You're probably thinking of the article I posted here at FORT. My husband is British, so he found it. Cheryl Cole is from Newcastle, a major city in the north of England. They are notorious for having accents so thick that even other British people can't understand them, according to hubby. After hearing Cheryl, I can see what he was talking about. Anyway, a few months back, TPTB at this show suddenly dumped Cheryl in favor ofI liked the first judge better, too, the Scottish one? I can't remember her name now. I know I read a few months ago that they thought she didn't mesh well or that the accent was too strong for American TV. I disagree! But we'll see how Nicole does. We didn't hear much from her except that it was her birthday.
KittyNicole. Rumors were rampant in Britain that it was due to her accent, that she American viewers wouldn't understand her. This didn't sit well with the Brits, where Cole is a judge on the original British version of The Factor, and where she is hugely popular. People booed Simon (the executive producer) at a taping of Britain's Got Talent because of the controversy.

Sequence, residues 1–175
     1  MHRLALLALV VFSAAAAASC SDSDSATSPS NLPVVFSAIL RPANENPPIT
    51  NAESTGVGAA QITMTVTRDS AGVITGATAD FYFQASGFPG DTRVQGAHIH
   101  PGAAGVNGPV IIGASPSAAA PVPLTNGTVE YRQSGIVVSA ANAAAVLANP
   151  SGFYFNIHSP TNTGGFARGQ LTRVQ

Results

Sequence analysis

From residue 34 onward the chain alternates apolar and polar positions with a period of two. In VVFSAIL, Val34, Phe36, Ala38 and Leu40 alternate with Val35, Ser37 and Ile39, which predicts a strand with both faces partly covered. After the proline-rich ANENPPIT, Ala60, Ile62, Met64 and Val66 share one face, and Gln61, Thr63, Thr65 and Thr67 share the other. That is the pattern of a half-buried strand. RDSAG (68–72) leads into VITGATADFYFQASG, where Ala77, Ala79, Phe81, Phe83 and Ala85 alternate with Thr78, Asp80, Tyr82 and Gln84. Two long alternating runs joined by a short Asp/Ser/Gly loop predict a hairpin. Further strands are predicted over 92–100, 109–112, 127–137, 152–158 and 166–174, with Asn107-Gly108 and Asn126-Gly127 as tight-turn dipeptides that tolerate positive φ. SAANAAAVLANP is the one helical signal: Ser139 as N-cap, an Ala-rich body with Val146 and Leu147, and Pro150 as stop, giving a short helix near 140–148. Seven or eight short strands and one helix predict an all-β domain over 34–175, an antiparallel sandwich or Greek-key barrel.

I have mixed feelings about it all. Yeah, her accent was harder to understand. But, as other people have said, she seemed nicer than Nicole. Back when I posted my original article, somebody posted that she had attended a live audition taping, and that Nicole came across as a a real ditz. I wonder if this lady attended last night's show? Because I wasn't terribly impressed with Nicole, either. I prefer Cheryl.
I agree!The first girl (little mixed race cutie who sang Mercy), the 42-year-old black woman with the rough past (Natural Woman was her song), the Usher-like guy who sang Stevie Wonder and overwhelmed himself on stage, and the last guy (white boy hip-hopper who tore it up with his own song about a little homey!!!!) are definitely the stand outs from this episode. I honestly thing the Little Homey rap could be a single right now. It was that good.
I, too, worry about Homey (sorry, I can't remember his name). I volunteer with my church's recovery ministry, and it's true that many addicts relapse at least once. With him being clean for a relatively short time, and now under immense pressure to be successful, that might be too much to handle. I really hope not, though.
I lived in England when The X-Faxtor debuted there several years ago. Back then, it was basically an AI clone--the auditions were held in a closed room, there were only three judges, the minimum age was 18, and Sharon Obborne was the female judge, so there was no ditzyness in sight. It was actually quite an enjoyable show. In fact, I loved it much better than AI. I was so excited when I heard it was coming to America.
Now, though, I don't know. Like somebody said, it's now a clone of America's Got Talent--and I hate that show. So now I don't know. I'll hang in there for a while to see if it gets any better. I hope so, because otherwise I'll be very disappointed.